© 2011, Forfeiture Endangers American Rights Foundation
Springer versus eleven
IRS special agents: According to the Tenth
Circuit, when law
enforcement lawfully seizes your money and then steal it while it is in
possession, it is
not a Fourth Amendment violation -- and
plaintiff who represented himself throughout the five year fight to
money did not allege a Fifth
process violation, the Court will just let the officers
money they stole.
When assistant United States attorneys told federal agents to return all the cash taken from Lindsey K. Springer pursuant to execution of a search warrant a week earlier, federal Agent Brian Sham gave Mr. Springer a Treasury department check made out for $2,000 less than the IRS agents had seized. The September, 2005 search of the Springer home had been executed as part of an investigation into Mr. Springer’s tax activities. After Mr. Springer’s wife told the agents about currency in her bedroom dresser drawer, agents William R. Taylor and Donald A. Anderson separately counted the cash in front of Mrs. Springer. Agent Taylor then prepared an evidence tag stating there was approximately $19,000 in cash, and another agent recorded that amount in the inventory of items seized. By the time agents arrived at the bank to convert the cash into a cashier’s check there was only $17,000.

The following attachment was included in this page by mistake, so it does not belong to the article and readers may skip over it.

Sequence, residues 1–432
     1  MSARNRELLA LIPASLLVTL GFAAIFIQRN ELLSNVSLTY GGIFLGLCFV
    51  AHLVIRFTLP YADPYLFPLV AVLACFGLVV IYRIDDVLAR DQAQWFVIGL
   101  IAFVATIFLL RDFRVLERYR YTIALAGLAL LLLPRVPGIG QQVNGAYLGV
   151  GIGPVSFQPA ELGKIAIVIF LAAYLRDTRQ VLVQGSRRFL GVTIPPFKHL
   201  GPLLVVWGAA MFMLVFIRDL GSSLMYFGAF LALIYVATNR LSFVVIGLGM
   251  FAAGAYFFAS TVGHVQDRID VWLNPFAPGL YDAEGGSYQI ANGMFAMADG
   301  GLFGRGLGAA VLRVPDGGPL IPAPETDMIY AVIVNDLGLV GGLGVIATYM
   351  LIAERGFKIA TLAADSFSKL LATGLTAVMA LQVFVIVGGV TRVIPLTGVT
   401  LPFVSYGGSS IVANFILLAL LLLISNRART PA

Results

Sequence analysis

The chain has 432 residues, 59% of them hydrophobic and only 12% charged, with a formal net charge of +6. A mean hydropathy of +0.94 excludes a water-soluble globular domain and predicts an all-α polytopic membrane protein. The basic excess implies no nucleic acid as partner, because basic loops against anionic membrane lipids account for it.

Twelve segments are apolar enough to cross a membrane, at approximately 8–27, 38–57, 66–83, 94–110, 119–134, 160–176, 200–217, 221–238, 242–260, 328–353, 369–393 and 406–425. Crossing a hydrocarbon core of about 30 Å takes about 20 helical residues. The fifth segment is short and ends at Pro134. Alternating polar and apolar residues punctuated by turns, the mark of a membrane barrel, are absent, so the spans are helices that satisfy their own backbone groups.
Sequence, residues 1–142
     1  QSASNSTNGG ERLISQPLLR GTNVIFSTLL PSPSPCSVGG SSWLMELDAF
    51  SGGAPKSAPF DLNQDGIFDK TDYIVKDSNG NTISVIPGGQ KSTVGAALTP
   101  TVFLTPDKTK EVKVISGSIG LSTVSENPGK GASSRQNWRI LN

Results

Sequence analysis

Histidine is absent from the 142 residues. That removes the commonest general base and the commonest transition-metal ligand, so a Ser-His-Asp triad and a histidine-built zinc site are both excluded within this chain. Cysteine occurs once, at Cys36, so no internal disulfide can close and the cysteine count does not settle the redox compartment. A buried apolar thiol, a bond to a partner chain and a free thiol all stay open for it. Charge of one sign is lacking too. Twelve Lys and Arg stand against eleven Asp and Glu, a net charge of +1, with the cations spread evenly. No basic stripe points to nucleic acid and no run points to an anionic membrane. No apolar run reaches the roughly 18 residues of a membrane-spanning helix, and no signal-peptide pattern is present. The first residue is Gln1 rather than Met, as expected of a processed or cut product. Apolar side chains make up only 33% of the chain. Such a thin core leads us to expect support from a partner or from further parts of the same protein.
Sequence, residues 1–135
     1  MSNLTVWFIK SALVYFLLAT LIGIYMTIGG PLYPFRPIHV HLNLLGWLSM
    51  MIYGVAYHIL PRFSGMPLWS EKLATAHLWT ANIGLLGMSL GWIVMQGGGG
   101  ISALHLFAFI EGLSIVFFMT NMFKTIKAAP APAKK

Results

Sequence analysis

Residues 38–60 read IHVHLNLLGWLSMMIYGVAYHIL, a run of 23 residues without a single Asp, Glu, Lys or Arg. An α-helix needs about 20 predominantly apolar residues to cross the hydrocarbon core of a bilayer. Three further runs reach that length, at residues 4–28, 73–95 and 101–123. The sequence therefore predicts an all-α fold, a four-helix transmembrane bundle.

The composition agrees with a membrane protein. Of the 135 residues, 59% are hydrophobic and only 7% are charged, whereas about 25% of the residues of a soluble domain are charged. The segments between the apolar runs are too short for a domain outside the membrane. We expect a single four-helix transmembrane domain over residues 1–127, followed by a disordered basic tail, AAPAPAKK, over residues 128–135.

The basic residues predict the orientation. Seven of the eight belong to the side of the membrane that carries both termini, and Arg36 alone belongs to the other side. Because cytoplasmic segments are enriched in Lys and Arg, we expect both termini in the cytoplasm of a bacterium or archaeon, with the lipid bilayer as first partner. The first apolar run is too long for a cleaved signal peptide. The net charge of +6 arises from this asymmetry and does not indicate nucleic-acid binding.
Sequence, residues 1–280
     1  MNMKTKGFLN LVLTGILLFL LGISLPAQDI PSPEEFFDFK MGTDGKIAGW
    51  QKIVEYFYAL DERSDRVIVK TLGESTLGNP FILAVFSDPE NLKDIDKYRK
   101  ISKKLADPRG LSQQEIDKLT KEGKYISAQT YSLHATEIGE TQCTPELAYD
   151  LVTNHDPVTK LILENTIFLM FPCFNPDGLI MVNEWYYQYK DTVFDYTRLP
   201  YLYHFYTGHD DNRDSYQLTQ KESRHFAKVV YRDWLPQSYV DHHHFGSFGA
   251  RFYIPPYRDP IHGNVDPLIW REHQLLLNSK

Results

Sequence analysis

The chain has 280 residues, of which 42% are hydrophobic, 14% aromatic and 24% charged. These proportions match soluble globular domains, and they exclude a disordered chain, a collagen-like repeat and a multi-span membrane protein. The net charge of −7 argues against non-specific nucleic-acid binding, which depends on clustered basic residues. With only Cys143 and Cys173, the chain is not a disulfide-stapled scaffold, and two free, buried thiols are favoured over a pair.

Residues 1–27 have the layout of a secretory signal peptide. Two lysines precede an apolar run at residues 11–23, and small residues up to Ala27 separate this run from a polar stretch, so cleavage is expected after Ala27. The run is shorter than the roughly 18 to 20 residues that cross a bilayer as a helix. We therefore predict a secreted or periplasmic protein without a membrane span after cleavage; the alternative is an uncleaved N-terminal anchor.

A week later Mr. Springer filed a motion in the U.S. District Court for the Northern District of Oklahoma for return of the seized currency. The district court denied that motion without prejudice (leaving open the possibility of further motions for return of the currency), however the assistant U.S. attorneys then instructed Agent Sham to return all the seized money. Agent Shem obtained a $17,000 Treasury Department check and gave it to Mr. Springer. Two months later Lindsey Springer, representing himself pro se filed a Bivens1 suit against eleven IRS special agents, asserting they had violated his Fourth Amendment rights by stealing $2,000 during or following the search of his home. Nearly five years later, on August 5, 2010, the Tenth Circuit Court of Appeals concluded that because “there was no clearly established law holding that a theft following a lawful seizure violates the Fourth Amendment,” the agents were entitled to qualified immunity for their theft of the Springer’s currency. And because Mr. Springer did not include a due process or takings claim under the Fifth Amendment (and despite the fact that courts are supposed to liberally construe all filings of a pro se litigant such as Mr. Springer who represented himself throughout all the proceedings), the Appeals court reversed the district court’s denial of the agents motion for summary judgment based upon qualified immunity, and remanded the case for further proceedings consistent with the Tenth Circuit’s decision that these agents could just keep the money they stole.